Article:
Danger In Havana – Episode 30

WHEN Mark got back to the others, they were still fast asleep. Good. He needed time to think, time to work things through.

Norelvis was like a puppy, Mark noted, lots of fierce and energetic activity but then the ability to collapse and sleep anywhere.

Bryony lay, elegant as a red setter, collapsed from all the stress and strain and the long horse ride.

He looked tenderly on her curled up form, it gave him some relief from the enormity of the task ahead.

It was a while since Mark had looked on a sleeping woman and it was a pleasure he had missed. He realised, as he stood leaning against a tree, gathering his wits about him, that his marriage had been going pearshaped for some time.

Those quiet moments of contemplation, where you look on someone and really care for them, had all but gone from his life.

As a moth went near her, he shooed it away. Without even realising it, it dawned on him that he had become smitten.

It might just be, thought Mark wryly, that finding Bryony’s daughter, making Bryony happy and giving her a reason to smile again could be the saving of him.

* * * *

As night deepened, Mark heard the nocturnal frogs singing their strange song to the bold moon. As he sat himself down, a spider with furry legs walked on to his trousers.

Just as he was about to brush it off, a small green lizard came stalking from under the leaves, sat for a second or two, sizing up its prey then pounced, chomping up the spider before scooting off.

All life was here, small dramas being played out whilst his brain tried to work out how to deal with their major drama.

The stakes were high for him. He had fallen for Bryony and he was the one who could make or break this mission to bring Anna back safely.

One thing was sure, Mark could not permit Norelvis and Bryony to rest any longer.

“Wake up.” Mark shook first Norelvis, then Bryony. “I’ve something to tell you.

I’ve found Anna.”

Mark told them everything. The relief on Bryony’s face was as if a cloud had shifted from in front of the sun.

But, as Mark’s story unfolded, she didn’t know whether to laugh or cry. For although Anna had been found, they still had to find out how to get her out of there alive.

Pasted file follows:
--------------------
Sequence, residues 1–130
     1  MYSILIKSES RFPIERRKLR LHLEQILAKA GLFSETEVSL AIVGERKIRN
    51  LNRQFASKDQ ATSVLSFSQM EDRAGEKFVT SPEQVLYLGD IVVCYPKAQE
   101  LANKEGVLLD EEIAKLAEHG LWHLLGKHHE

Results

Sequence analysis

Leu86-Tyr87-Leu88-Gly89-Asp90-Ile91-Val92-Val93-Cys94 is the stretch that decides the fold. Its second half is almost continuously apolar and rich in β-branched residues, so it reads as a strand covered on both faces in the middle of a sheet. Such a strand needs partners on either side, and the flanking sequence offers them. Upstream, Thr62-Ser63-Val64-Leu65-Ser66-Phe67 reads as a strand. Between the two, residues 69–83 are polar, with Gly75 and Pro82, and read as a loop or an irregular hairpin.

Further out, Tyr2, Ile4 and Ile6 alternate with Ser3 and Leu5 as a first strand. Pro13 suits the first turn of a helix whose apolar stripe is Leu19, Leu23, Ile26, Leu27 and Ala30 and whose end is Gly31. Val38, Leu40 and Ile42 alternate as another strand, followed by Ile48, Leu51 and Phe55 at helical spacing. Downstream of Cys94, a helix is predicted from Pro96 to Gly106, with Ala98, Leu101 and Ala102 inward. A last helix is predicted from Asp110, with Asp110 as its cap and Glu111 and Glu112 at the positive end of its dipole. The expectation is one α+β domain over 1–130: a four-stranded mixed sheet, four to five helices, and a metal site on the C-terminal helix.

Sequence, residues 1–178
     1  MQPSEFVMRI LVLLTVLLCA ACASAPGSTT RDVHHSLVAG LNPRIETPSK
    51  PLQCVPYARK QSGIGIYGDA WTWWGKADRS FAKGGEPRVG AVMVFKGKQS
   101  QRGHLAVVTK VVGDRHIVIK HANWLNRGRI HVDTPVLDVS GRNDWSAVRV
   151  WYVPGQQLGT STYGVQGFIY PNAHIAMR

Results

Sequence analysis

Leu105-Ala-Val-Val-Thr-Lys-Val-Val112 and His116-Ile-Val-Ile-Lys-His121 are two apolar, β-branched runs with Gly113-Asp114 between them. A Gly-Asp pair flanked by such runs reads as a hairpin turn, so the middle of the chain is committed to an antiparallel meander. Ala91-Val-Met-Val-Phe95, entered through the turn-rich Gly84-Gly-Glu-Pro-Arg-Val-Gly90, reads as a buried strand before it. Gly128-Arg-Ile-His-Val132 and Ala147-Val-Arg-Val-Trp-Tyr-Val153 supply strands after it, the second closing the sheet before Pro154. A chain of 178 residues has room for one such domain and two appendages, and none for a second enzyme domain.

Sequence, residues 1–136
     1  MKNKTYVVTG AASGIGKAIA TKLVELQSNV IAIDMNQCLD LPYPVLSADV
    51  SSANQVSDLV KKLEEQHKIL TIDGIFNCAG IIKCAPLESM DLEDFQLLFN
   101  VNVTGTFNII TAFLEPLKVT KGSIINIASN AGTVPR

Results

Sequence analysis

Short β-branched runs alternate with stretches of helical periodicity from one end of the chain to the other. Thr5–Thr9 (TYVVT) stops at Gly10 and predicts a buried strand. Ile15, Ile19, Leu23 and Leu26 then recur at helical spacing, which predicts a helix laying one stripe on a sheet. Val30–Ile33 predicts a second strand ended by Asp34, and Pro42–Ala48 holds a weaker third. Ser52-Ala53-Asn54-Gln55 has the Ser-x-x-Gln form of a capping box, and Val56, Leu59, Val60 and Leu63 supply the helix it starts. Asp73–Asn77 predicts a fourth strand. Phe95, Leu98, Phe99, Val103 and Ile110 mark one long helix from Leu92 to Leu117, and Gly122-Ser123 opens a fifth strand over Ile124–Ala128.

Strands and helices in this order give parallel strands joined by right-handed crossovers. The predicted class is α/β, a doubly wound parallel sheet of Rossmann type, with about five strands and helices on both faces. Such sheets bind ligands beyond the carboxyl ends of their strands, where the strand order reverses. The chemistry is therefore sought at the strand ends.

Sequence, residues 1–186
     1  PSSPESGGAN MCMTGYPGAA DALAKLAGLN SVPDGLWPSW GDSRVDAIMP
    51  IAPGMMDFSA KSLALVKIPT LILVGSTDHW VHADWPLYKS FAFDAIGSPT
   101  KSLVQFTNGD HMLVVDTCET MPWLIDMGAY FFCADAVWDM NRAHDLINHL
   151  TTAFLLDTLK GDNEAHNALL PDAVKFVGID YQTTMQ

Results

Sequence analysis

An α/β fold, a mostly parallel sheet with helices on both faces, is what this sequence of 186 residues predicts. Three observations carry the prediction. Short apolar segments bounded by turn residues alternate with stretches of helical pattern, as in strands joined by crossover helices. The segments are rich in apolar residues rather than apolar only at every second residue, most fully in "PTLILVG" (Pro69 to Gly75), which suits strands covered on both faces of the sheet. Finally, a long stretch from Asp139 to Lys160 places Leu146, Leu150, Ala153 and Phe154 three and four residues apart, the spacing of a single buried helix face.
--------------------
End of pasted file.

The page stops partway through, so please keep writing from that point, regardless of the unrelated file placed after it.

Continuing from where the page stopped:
“One thing I have decided is that we can’t get her out without help. Not if they’ve got an armed guard. Weber obviously means business and will stop at nothing. It’s time we involved the police.”

Norelvis shook his head vigorously.

“The Havana police have done nothing so far to find Anna; they drags their feet. I do not trust them.”

“Who can we trust then?”

“Why, the Trinidad police, of course. My schoolfriend’s uncle, Davido, is very high in Trinidad police though it is small unit.

“I can telephone, speak to Davido now. Dawn will come soon. He and his two officers have motorbike. They can move quicker than we did on horses. They can park on other side of ridge and walk over.

They could be here just before dawn.”

“OK,” Mark said, “please phone them now.”

After a swift phone conversation in Spanish, Norelvis nodded.

“They pleased to come. Trinidad is sleepy place, they have little excitement except lost cows and stolen boats on the beach. They coming straightaway, with guns.”

* * * *

While they waited, Mark tried to figure what was going on and slot together the missing pieces.

“We have to save not just Anna, but also the old lady. I’m sure she’s as much a pawn in this game as your daughter,” he said to Bryony. “What Weber is up to, though, isn’t clear. He’s obviously using Anna, but how? Perhaps it’s some sort of secret the old lady has which he has to worm out of her.

“It sounded to me like he fears she might be in the first stages of dementia, and that if he doesn’t find out soon what he needs to know, then it’ll be too late.”

“But how did Anna get mixed up in all this?” Bryony asked.

It was on the tip of Mark’s tongue to tell Bryony about Warren’s gambling and his selling of art on the side. Mark was sure her deceased husband was involved, but until he knew all the facts, he couldn’t bring himself to open up to Bryony. What good would it do, when he didn’t know how this all fitted together?

While they talked in the darkness Norelvis had gone down to meet the police so he could guide them up to where Mark and Bryony were hiding.

Bryony looked tortured.

“Was there anything else that you saw that could explain what’s going on?

Nothing in the house?”

“I didn’t get a good look, I was too concerned about staying hidden. There was something, now I can think about it clearly, something odd. I barely got to see into the dining-room at all, but, on the wall above the dining-table was a large portrait of a young girl. She had an uncanny resemblance to Anna.

“Her hair was done differently; I think that’s what threw me. The girl in the painting had an old-fashioned pinned-up hairdo and a fancy cocktail dress. So unlike Anna, who’s always in her jeans and T-shirts and her hair worn loose. But the face was similar, very similar.”

They were left to ponder on that, until finally, the hint of light in the sky beckoned over the hills.

Suddenly, there was the rustle of footsteps through the undergrowth. It was Norelvis, together with a heavily moustached middle-aged man, short of breath, with two younger men. All wore light denim shirts and grey berets with gunbelts slung round their waists. Fresh and energetic, the policemen looked as though they were relishing some action.


Tracey Steel

Having worked on a number of magazines over the years, Tracey has found her perfect place on The Friend as she’s obsessed with reading and never goes anywhere without a book! She reads all the PF stories with a mug of tea close by and usually a bit of strong cheese too!